Often we refer to microfinance as the offering of a ‘hand up, not a hand out’, a principle that tends to resonate with our supporters who look for a sustainable way to help people living in impoverished circumstances.
We meet Nilar, a mother from Au Yin Taw, a small rural village on the outskirts of Mandalay. Nilar used one of the only resources she had, her hands, to improve the lives of not only her children, but two adopted daughters as well.
‘I can change the world, with my own two hands’; lyrics from a song I’ve always enjoyed.
Nilar’s hands are calloused, stocky, working. Stained with charcoal from the flames she uses to cook fritters on the side of a dusty road in a small village called Au Yin Taw on the outskirts of Mandalay, Myanmar. Her fingernails are ringed with grime, fingers swollen from the heat of the oil she cooks with.
When I arrive in Nilar’s village at sunrise, bleary eyed, she has been up for hours and her fritter stall is in full swing. She wakes up every day at 3:30am to make various batters, which she sells on the side of the road to loyal clientele. Spending the morning with Nilar, a steady stream of Burmese faces strolled by, or pulled up on motorbikes, filling small bags with a selection of the ‘best Myanmar snacks in the village’.
As the youngest of seven children, Nilar wasn’t afforded an education. She married young, and had three children.
Her husband was an alcoholic, what little money he earned was spent on alcohol, and the marriage was abusive. When her youngest son was two, Nilar resorted to divorce, borrowing money from an illegal moneylender to pay him off so he would let her stay in the family home, with the children.
Around this time, her cousin died, leaving four young children. She adopted two of them. Later on, her middle son contracted a tropical disease, similar to malaria, and required two years’ of medical treatment. She had five children to provide for, she was in debt, and as her husband left, he assured her that she would amount to nothing without him.
The only resources Nilar had, were her hands, and a family fritter-making technique she had learned from her mother. That was until she heard about VisionFund through the local World Vision ADP. The ADP had supported her through her son’s illness, providing essential medical care and sponsoring him to go back to school after two years of battling with his disease.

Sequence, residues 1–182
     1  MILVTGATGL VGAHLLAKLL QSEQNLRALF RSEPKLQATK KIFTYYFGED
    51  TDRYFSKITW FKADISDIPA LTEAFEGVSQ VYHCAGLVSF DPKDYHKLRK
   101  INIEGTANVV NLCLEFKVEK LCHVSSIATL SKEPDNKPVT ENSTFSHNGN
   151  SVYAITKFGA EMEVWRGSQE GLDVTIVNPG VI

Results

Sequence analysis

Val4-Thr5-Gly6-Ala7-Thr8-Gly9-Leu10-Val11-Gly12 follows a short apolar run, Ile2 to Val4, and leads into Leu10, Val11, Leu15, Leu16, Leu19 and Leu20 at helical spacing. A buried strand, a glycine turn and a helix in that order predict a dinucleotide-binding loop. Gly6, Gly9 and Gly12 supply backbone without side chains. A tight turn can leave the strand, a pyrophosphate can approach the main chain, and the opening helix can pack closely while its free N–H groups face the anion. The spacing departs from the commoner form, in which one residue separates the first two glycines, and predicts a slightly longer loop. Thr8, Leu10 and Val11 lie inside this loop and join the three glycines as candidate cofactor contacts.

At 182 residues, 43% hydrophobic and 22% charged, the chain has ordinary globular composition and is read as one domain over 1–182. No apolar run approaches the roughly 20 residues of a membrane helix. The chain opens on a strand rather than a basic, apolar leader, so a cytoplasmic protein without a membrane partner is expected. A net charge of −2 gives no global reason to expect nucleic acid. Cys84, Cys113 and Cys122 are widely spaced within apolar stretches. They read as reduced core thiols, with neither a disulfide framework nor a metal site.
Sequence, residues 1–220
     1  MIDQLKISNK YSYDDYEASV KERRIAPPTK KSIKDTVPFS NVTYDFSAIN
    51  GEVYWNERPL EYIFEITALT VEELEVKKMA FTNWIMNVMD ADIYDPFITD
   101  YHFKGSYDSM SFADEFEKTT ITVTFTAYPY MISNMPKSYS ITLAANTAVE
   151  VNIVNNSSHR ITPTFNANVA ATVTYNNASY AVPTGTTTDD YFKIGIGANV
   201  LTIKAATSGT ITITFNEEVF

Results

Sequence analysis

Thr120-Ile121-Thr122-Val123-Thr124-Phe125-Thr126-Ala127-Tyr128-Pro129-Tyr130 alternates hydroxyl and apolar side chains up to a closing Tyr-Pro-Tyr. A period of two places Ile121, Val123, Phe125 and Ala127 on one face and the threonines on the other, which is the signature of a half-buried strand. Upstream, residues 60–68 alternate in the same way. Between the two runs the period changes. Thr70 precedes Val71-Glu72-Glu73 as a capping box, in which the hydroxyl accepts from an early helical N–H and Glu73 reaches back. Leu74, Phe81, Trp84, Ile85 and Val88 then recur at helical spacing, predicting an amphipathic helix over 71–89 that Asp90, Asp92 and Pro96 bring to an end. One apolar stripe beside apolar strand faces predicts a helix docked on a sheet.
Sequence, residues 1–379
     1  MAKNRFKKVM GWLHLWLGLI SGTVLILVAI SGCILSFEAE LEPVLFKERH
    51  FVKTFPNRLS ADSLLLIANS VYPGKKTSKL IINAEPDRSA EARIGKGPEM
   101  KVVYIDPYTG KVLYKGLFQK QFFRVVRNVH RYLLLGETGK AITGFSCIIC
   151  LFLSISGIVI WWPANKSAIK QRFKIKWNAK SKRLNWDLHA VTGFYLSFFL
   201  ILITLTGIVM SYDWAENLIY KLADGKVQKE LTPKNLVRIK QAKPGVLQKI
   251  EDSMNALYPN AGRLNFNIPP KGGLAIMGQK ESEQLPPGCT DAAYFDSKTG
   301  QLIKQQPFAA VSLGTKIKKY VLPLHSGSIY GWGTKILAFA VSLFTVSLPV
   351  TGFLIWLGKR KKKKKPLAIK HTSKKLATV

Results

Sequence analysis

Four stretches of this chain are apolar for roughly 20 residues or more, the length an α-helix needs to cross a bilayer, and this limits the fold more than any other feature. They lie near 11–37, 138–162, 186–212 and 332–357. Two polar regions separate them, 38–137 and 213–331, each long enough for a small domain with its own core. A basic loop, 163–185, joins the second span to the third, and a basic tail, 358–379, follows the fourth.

Since 2013, Nilar has received seven microloans from VisionFund, securing her first just two months after her divorce. Her first three loans were spent paying off her debt, and buying the essential tools she needed for making her fritters. By her 4th loan, Nilar was beginning to experience more freedom, independence and self-sufficiency. She paid for her children’s tuition, saved money to concrete the dirt floor of the family home, purchased a motorbike for her eldest son to get to a better school, in the hope he would prepare for tertiary education, something she could only ever dream of.
Nilar used to earn just $2 a day, barely above the World Bank’s international poverty line of $1.90. She struggled to feed her five children, and although her hands were capable, she lacked the resources to expand her business and use her skills to create a better life. She now earns up to $USD30 a day.
In Myanmar, only 5 per cent of the adult population has a bank account. Nilar is not one of them. By supporting women like Nilar, VisionFund is transforming the lives of families and communities worldwide through the provision of essential, empowering financial services.
All Nilar had was her hands, and now she, and her children, have a future. As the song continues, ‘…make a better place, with my own two hands’.